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A Well Equipped Man Comes in Handy

January 19, 2012

I absolutely hate calling my hubby at work and telling him I got stuck!  Or having my kid backseat driving!  But alas, stuff happens ;)  My girlfriend and I joke that we are a different kind of high maintenance woman…she has a barn full of horses, and I have a pasture full of cows.  Oh well, the driveway needed plowing anyway.  And I don’t get too much grief, because after almost 30 years we both have many memories of bailing each other out of predicaments.

The snow was only up to the label on my Muck boots, but it was wet and slick.  I just had to sneak over the hill a tad and the rest was history.  I was committed.  Luckily I know when to quit trying…


Of course, the cows have to come and watch too, and smirk.


We really lucked out, we topped out at 20″ of snow and by 3 am Wednesday it started to rain, no Columbia Gorge ice, it is forming east and north of here.  We are just getting rain, and our 20″ of snow is now about 3″ of slush.  All that rain combined with snow melt mean trouble downstream from us.  Our power was only out for a day and half and we consider a few broken fruit trees and one mildly stuck pickup pretty good for a storm system this size.  Others have not been so fortunate.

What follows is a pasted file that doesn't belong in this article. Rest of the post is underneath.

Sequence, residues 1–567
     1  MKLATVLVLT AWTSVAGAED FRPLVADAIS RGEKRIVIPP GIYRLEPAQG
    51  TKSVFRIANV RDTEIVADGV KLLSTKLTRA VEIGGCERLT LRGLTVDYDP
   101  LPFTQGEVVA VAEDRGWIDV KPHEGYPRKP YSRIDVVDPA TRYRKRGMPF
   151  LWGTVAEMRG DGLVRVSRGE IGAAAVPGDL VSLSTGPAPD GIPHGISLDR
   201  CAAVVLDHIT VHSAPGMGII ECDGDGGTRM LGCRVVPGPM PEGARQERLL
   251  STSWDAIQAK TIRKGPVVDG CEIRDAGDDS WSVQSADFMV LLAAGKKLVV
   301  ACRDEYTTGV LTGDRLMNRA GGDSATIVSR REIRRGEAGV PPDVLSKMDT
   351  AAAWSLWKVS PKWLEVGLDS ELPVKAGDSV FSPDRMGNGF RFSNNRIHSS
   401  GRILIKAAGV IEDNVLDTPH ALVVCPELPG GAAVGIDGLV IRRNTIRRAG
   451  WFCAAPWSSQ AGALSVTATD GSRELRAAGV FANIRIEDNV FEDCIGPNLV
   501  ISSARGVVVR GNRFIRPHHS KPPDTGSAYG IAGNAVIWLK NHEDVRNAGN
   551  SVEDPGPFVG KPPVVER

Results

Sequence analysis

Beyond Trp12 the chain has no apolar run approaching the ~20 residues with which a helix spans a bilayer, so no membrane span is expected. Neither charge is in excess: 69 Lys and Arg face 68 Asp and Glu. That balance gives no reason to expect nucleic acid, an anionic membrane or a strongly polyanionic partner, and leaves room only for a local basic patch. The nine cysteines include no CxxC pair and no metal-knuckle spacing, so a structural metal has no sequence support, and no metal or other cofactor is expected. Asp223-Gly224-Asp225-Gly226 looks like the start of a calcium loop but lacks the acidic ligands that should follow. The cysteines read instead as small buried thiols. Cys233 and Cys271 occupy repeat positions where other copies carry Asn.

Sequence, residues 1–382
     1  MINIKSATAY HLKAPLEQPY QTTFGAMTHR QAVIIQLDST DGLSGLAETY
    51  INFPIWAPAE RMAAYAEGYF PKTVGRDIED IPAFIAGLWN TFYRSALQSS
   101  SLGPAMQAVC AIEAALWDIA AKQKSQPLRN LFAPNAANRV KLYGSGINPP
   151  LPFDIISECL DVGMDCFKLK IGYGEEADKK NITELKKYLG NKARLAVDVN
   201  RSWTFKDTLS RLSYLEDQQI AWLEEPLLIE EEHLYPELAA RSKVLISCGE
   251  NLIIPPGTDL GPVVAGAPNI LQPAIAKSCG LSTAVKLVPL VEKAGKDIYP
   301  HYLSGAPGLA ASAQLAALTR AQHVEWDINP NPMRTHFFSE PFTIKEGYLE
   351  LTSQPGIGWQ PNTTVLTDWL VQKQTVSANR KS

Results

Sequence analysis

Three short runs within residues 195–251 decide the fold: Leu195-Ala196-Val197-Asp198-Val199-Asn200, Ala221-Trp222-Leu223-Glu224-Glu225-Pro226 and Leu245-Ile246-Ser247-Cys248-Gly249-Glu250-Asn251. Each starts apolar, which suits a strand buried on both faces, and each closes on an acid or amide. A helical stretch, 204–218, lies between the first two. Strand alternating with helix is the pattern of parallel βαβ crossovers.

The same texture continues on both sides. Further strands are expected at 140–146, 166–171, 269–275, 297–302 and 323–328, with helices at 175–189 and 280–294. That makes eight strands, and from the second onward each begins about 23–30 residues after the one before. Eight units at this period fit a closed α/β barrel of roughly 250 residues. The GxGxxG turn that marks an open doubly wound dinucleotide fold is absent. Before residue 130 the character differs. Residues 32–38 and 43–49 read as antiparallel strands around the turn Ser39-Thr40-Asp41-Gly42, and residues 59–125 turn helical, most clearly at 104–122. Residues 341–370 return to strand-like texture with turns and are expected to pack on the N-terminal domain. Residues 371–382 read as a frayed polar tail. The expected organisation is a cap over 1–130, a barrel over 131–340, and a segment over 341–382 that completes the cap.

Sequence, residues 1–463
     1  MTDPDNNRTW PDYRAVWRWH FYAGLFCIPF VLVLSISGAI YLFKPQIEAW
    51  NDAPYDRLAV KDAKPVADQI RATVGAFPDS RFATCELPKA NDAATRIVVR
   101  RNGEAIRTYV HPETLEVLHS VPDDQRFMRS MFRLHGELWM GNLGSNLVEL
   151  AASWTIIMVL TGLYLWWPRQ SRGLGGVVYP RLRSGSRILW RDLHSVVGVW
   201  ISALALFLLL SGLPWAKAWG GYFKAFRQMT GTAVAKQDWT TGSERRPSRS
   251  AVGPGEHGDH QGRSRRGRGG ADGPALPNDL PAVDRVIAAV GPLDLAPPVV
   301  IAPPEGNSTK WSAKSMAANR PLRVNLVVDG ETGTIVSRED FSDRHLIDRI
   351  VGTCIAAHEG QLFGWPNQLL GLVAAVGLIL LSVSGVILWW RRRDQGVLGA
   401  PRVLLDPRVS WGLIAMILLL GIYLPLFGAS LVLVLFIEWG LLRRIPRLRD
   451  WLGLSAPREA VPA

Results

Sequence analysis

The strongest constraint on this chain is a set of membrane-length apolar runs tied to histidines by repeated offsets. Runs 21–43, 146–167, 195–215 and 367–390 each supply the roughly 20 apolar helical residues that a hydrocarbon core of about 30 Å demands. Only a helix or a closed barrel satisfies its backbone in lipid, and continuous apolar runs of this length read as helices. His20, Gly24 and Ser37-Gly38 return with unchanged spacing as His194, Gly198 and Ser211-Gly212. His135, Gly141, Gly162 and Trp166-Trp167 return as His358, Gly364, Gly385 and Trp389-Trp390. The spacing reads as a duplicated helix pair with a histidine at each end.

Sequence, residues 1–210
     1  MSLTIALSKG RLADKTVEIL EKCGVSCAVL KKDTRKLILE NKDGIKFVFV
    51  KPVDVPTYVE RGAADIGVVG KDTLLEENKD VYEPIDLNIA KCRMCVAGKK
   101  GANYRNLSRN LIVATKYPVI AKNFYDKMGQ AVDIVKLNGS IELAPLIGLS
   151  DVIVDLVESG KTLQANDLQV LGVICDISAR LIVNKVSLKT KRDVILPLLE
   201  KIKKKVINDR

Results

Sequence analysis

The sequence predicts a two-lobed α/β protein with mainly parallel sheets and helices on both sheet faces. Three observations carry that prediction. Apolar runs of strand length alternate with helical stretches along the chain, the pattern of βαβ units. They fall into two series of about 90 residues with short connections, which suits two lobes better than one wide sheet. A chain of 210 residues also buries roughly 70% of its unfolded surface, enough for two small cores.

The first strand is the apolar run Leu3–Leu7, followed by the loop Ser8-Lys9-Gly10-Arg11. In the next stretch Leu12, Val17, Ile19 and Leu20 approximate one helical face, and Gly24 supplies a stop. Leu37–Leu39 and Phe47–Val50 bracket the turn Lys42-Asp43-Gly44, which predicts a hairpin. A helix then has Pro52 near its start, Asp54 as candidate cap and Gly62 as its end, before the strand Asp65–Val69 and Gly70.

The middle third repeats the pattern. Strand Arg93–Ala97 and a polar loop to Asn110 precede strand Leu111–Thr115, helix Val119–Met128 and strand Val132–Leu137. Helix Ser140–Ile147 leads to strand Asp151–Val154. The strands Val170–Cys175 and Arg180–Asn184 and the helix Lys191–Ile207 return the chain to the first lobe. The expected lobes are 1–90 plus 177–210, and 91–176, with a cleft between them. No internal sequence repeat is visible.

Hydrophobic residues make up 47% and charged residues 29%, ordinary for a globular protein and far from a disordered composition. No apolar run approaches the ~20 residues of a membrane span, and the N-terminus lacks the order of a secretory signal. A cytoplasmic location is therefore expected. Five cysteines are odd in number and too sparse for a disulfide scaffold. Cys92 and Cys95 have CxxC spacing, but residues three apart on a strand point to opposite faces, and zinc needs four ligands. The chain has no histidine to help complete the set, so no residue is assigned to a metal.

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19 Comments leave one →
  1. Chris permalink
    January 19, 2012 3:56 pm

    I had to laugh at your title of this post!! Was it going to be x-rated?? :))

  2. January 19, 2012 4:37 pm

    I’ve had to call my hubby, too.

    Too bad you couldn’t have roped some of those cows into pulling you out. ;)

    Happy Friday to you all! :-)

  3. jenj permalink
    January 19, 2012 5:44 pm

    Goodness, I can’t even fathom 20 inches of snow. It’s 80 here today, which is insanely warm, even for us. And despite all the havoc I know that snow is causing, it’s absolutely beautiful!

  4. January 19, 2012 6:21 pm

    You live in snow country, sooner or later you’re going to get stuck; it just goes with the territory. In our area the snow is nearly always of the wet variety, so it’s slushy, and since we live on a north-facing slope, it quickly turns to ice in the shady spots. Nothing like a toboggan ride down the hill!

  5. January 19, 2012 11:08 pm

    Oh I really feel for you, we have had quite a bit of snow followed by rain this winter here in Latvia, but nothing like that amount. Thankfully we now into proper winter with proper temperatures and it is much easier to get around in. Having said I did wonder if I would need digging out of a snow drift yesterday as the powder was flying about a bit in the breeze.

  6. January 20, 2012 12:40 am

    Love looking at your winter pics from here in the Southern hemisphere. Spent this evening on the beach with the kids who played for ages in the water!

  7. January 20, 2012 2:53 am

    My cows would find all that pretty entertaining now too… they like to watch people work.

    I feel like after working on this farm for three years I’m trained for a job working for an emergency road crew we’ve gotten stuck so often around here. Our ground just has not frozen so we have deep mud covered with snow so you can’t see what is where.

    It’s nice to have a good home team …..

  8. January 20, 2012 9:17 am

    You know it’s been a bad storm when you husband gets his truck stuck in the back field and then you get your truck stuck trying to pull him out! We ended up both getting pulled out by the neighbor and his tractor (after he moved a snowbank or two…).

  9. Dawn permalink
    January 20, 2012 11:26 am